Actionable insights straight to your inbox


Bombardier Cutting 2,500 Jobs, 11% of Aviation Unit Workforce

The company, which recently exited the commercial aircraft business, is in the process of selling its rail business to French train maker Alstom for up to $7 billion.

Image: Learjet 75 Liberty. Source: Bombardier

(Reuters) – Canadian plane and train maker Bombardier Inc said on Friday it would cut 2,500 jobs, or about 11% of the workforce at its aviation unit, as the coronavirus pandemic’s crushing impact on the air industry adds to its long list of problems.

The aviation industry has been among the worst hit by the pandemic, which has dented travel demand and forced several aircraft manufacturers, including planemakers Boeing Co and Airbus SE, to cut production as customers defer deliveries.

“We are now faced with the difficult decision to adjust the size of our business, considering both disruptions in our supply chain as well as industry-wide forecasts calling for approximately 30% year-over-year drops in unit deliveries due to the pandemic,” David Coleal, president of Bombardier Aviation, said in a memo to workers about the layoffs which was seen by Reuters.

Bombardier Aviation spokesman Mark Masluch said the company is starting to scale back production, but he would not give specifics.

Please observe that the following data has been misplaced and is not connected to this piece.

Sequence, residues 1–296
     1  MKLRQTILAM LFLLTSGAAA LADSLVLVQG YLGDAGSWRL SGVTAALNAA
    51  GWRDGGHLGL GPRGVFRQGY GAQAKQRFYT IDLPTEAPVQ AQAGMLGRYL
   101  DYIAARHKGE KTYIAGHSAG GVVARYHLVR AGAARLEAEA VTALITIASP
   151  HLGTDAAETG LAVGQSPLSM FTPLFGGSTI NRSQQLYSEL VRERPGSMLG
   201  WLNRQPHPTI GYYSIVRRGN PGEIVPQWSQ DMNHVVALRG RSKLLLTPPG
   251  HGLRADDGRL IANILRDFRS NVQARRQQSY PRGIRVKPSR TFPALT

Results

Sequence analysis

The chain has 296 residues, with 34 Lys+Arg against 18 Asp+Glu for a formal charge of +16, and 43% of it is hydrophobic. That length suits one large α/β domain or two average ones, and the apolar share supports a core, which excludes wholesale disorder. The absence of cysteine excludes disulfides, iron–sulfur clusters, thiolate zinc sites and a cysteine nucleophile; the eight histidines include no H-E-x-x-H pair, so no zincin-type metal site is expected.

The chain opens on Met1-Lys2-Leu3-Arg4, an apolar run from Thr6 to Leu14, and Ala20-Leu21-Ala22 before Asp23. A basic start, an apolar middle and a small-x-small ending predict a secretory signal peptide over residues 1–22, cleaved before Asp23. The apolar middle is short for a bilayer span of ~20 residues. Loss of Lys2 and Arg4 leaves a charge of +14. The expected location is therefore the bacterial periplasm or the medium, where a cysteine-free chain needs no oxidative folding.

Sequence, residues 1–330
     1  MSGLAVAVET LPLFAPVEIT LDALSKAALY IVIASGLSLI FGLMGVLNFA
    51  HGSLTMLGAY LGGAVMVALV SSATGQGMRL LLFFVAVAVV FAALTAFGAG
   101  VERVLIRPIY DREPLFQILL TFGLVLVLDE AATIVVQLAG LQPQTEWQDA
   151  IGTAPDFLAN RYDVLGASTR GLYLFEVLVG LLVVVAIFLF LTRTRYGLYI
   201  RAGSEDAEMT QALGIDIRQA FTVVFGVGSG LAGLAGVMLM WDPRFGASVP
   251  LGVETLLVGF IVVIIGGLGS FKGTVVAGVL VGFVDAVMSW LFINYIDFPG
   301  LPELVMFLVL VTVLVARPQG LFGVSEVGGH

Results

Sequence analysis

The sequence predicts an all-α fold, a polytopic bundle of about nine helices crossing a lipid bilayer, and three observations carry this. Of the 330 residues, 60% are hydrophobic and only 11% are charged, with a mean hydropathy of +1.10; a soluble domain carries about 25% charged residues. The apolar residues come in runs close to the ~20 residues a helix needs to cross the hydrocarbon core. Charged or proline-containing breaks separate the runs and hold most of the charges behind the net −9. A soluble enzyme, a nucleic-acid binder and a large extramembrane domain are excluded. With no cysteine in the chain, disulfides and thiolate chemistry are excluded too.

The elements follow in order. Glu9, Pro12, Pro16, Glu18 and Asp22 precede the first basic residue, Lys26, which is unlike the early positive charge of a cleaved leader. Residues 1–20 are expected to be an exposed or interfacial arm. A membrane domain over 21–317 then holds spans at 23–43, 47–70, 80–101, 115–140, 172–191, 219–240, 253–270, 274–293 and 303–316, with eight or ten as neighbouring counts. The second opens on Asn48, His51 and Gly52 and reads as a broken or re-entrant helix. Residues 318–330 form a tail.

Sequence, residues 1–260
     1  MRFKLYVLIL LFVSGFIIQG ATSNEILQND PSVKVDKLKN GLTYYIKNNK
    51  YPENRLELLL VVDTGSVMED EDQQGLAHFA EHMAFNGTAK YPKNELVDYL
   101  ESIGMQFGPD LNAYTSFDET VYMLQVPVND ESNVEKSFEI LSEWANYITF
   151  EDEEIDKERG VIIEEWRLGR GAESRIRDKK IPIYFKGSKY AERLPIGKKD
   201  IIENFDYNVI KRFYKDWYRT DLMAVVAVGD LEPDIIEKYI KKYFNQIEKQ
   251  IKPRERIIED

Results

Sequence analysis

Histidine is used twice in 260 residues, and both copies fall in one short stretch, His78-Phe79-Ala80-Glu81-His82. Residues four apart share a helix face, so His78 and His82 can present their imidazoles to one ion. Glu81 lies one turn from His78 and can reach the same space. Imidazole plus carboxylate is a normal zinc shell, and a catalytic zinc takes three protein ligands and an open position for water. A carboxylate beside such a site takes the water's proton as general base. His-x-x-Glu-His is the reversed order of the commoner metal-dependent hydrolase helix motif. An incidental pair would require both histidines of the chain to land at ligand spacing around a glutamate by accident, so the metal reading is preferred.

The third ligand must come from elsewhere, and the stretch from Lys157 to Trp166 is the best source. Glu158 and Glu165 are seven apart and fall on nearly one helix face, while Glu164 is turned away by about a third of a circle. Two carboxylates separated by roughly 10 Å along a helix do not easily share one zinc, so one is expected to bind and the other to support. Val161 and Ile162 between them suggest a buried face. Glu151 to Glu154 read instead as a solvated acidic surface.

Bombardier, which has nearly 60,000 employees at its aviation and rail units, said it would book a $40 million charge related to the job cuts.

The company, which recently exited the commercial aircraft business, is in the process of selling its rail business to French train maker Alstom for up to 6.2 billion euros ($7.02 billion).

The sale would leave Bombardier as a “pure play” business jetmaker.

The International Association of Machinists and Aerospace Workers said the layoffs would affect 717 of its members in Montreal who are now benefiting from an emergency wage subsidy program implemented by the Canadian government to counter the fallout from the outbreak of COVID-19, the respiratory illness caused by the novel coronavirus.

The union said in a statement that “Bombardier had the means to avoid the layoffs today,” if it extended the program, which runs through the end of August.

Masluch said the company needed to act now to give required notice about the layoffs.

Reporting by Allison Lampert in Montreal and Ankit Ajmera in Bengaluru; Editing by Ramakrishnan M. and Paul Simao.


Source: Reuters

The implications of the dollar potentially losing its status as the global reserve are numerous. Obviously, there may be currency risks, and decreased demand for U.S. Treasuries could lead to rising interest rates. I would also expect to see massive commodity price swings.
Many of us economy-watchers have been expecting recession, though with significant differences on odds and timing. Regardless, recent banking developments just made recession more likely and may have accelerated its onset.
Many people think of position size in terms of how many shares they own of a particular stock. But it’s much smarter to think of it in terms of what percentage of your total capital is in a particular stock.